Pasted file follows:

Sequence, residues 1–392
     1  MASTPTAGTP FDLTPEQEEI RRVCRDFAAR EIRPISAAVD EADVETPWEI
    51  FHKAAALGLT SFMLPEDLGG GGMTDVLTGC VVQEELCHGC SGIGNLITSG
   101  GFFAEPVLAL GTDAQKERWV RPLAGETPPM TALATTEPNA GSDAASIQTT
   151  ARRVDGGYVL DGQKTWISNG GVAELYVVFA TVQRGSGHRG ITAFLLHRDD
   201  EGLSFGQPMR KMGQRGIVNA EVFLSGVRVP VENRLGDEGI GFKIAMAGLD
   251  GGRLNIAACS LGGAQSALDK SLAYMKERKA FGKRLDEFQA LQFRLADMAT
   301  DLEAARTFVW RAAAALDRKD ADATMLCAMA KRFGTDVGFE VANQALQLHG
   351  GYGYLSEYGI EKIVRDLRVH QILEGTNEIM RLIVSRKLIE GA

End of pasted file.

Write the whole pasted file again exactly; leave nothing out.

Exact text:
Sequence, residues 1–392
     1  MASTPTAGTP FDLTPEQEEI RRVCRDFAAR EIRPISAAVD EADVETPWEI
    51  FHKAAALGLT SFMLPEDLGG GGMTDVLTGC VVQEELCHGC SGIGNLITSG
   101  GFFAEPVLAL GTDAQKERWV RPLAGETPPM TALATTEPNA GSDAASIQTT
   151  ARRVDGGYVL DGQKTWISNG GVAELYVVFA TVQRGSGHRG ITAFLLHRDD
   201  EGLSFGQPMR KMGQRGIVNA EVFLSGVRVP VENRLGDEGI GFKIAMAGLD
   251  GGRLNIAACS LGGAQSALDK SLAYMKERKA FGKRLDEFQA LQFRLADMAT
   301  DLEAARTFVW RAAAALDRKD ADATMLCAMA KRFGTDVGFE VANQALQLHG
   351  GYGYLSEYGI EKIVRDLRVH QILEGTNEIM RLIVSRKLIE GA